Albert B. Saye, professor of political science at the University of Georgia (UGA), was one of the most well-known scholars of Georgia history and politics. He was the author of twelve books, six of which focused on Georgia history. Among his top-selling books were his Handbook on the Constitutions of the United States and Georgia (1946), which was revised eleven times, and Principles of American Government, which sold more than 200,000 copies.
Early Life and Career
Albert Berry Saye was born on November 29, 1912, in Rutledge, in Morgan County, to Sue and William Saye. He attended Emory University from 1930 to 1932 and transferred in 1933 to UGA, where he earned his bachelor’s degree in history in 1934 and his master’s degree in 1935. During this period, he developed a close friendship with UGA professor E. Merton Coulter and with Kenneth Coleman, who would later become a colleague and a prominent historian of Georgia. He married Ruth Kendrick in 1939.
After graduating, Saye spent a year studying at the University of Dijon in France. While there, he began work on a doctorate that he would complete at Harvard University in Cambridge, Massachusetts, in 1941. His dissertation was based on the original charter of Georgia, which he discovered while doing research in London, England.
Saye taught at UGA as an instructor from 1934 to 1936 and as a professor from 1939 until his death in 1989. Although he began as an assistant professor of history, most of his career was spent in political science. In 1957 he was named a professor of law and distinguished professor of political science, and from 1975 until his retirement in 1979 he held a Richard B. Russell Professorship. He was also a Fulbright scholar in India in 1982.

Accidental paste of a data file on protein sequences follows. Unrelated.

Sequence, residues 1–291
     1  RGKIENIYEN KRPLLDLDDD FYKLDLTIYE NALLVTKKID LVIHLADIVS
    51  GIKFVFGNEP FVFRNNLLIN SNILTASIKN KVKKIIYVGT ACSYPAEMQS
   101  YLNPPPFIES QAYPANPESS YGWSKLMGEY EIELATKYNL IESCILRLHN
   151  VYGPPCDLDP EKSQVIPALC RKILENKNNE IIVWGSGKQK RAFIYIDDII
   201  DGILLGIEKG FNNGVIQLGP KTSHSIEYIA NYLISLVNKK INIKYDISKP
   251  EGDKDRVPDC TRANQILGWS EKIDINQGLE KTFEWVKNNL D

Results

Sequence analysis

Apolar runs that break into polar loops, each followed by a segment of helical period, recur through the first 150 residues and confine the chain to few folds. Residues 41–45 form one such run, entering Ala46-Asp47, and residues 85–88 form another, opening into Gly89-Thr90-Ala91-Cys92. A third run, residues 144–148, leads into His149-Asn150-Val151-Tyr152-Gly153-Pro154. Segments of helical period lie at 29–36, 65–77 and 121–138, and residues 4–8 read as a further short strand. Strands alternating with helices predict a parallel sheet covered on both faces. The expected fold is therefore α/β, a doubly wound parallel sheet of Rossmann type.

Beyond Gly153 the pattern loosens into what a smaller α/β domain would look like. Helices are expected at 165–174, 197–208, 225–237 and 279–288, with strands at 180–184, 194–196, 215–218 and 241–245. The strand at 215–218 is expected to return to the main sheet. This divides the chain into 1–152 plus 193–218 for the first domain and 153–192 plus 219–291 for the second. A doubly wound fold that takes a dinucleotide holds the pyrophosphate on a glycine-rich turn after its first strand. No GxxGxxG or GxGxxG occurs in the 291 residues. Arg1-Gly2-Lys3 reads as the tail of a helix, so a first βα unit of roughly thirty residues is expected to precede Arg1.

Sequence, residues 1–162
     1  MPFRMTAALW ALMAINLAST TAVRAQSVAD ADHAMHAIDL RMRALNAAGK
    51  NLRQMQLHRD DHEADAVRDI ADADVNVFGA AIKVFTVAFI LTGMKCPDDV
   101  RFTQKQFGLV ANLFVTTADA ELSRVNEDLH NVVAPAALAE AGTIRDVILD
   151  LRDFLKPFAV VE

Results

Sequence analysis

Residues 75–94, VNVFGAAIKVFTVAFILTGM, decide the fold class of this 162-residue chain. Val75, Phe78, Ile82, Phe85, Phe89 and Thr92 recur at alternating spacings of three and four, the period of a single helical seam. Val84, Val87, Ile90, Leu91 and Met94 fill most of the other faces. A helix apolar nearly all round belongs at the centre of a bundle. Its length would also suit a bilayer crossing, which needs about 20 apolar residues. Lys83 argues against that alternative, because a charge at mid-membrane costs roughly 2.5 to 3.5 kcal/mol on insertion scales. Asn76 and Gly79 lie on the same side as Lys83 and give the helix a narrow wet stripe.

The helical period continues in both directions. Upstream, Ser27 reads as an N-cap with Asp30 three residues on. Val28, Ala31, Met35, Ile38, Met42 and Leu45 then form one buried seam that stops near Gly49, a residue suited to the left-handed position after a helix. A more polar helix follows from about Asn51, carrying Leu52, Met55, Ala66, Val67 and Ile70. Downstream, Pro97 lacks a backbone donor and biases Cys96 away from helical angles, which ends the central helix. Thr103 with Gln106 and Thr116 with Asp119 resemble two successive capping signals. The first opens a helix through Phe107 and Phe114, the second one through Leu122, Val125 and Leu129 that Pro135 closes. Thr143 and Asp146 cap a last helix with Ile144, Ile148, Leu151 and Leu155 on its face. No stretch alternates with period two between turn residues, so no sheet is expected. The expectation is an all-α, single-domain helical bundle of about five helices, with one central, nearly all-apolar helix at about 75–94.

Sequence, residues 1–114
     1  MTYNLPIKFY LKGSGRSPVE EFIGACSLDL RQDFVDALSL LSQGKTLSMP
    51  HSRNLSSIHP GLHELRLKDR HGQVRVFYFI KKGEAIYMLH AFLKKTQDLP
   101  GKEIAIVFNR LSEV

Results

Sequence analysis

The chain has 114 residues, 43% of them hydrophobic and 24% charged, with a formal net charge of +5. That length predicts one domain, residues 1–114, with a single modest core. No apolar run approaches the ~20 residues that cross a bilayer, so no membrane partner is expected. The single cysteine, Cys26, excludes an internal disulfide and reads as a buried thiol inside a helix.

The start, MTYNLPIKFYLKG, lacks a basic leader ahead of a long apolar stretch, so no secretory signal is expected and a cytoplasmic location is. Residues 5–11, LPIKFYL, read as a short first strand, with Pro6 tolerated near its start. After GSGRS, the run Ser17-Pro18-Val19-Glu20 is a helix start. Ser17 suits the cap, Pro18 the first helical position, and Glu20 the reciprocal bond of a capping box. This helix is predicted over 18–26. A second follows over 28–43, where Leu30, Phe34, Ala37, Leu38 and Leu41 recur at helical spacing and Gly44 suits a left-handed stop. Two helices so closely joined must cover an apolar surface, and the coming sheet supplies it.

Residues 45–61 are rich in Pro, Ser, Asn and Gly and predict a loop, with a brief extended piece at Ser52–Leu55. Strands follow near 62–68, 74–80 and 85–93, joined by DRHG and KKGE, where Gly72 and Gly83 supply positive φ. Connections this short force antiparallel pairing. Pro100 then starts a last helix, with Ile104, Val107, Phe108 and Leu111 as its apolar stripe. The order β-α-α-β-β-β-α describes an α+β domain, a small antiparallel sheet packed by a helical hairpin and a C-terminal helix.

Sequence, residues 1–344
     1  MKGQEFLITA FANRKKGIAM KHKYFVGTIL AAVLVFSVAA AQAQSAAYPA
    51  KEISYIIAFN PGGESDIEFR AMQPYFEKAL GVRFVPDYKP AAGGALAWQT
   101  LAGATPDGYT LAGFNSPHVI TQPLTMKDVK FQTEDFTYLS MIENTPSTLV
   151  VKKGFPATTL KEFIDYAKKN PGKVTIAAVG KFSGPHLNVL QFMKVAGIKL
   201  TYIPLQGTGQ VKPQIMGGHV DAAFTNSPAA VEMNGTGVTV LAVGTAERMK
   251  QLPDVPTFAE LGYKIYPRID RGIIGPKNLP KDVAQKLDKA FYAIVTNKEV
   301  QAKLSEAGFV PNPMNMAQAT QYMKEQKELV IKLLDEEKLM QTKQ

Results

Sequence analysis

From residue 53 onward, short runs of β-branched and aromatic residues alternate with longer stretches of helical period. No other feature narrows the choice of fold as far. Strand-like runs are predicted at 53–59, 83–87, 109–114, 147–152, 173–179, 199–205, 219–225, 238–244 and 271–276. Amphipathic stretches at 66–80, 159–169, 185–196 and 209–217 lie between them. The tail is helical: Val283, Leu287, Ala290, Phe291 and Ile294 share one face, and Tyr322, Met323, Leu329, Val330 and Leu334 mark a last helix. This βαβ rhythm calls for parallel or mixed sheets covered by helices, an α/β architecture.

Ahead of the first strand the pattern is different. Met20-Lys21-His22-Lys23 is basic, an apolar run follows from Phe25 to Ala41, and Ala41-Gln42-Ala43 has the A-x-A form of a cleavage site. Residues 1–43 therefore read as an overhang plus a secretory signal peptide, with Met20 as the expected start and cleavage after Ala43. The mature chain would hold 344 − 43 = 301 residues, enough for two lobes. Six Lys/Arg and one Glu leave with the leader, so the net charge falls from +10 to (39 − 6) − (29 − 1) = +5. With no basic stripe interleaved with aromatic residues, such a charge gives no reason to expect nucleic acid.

Georgia History Publications
Saye’s New Viewpoints in Georgia History (1943), arguably his most famous book, was one of the first scholarly works to refute the assumption that the colony of Georgia was established by debtors. He followed this publication with a comprehensive study of the colony and state’s governmental origins, A Constitutional History of Georgia (1948), covering the Charter of 1732 to the adoption of a new state constitution in 1945.
Saye also wrote four Georgia history textbooks that were intended for students from the sixth through eighth grades. (Since 1985, every eighth-grade student in the state has been required by law to take the subject known as Georgia Studies, which highlights the history, geography, economics, and politics of the state.) His first textbook about Georgia was History of Georgia (1954), which he coauthored with Coulter and Mercer University professor Spencer B. King. He was the sole author of two other textbooks, Georgia Government and History (1957) and Georgia History and Government (1973). A revision of the latter was released in 1982. These books were the most widely used Georgia history textbooks of the time.
During his long tenure at UGA, Saye contributed greatly to the fields of both history and government with his many books and articles. More important, he influenced the historical understanding of countless numbers of middle school students who used his textbooks in Georgia’s public schools for almost thirty years. From advocating segregationist arguments in his early textbooks to praising the progress of African Americans in his last ones, Saye’s own changing ideas about racial issues were clearly demonstrated in his four textbooks.
After his death in March 1989, UGA established the Albert Berry Saye Professorship in political science, which is funded by contributions made by his family and estate. In 2003 the Board of Regents of the University System of Georgia established the Albert Berry Saye Professorship in history at UGA.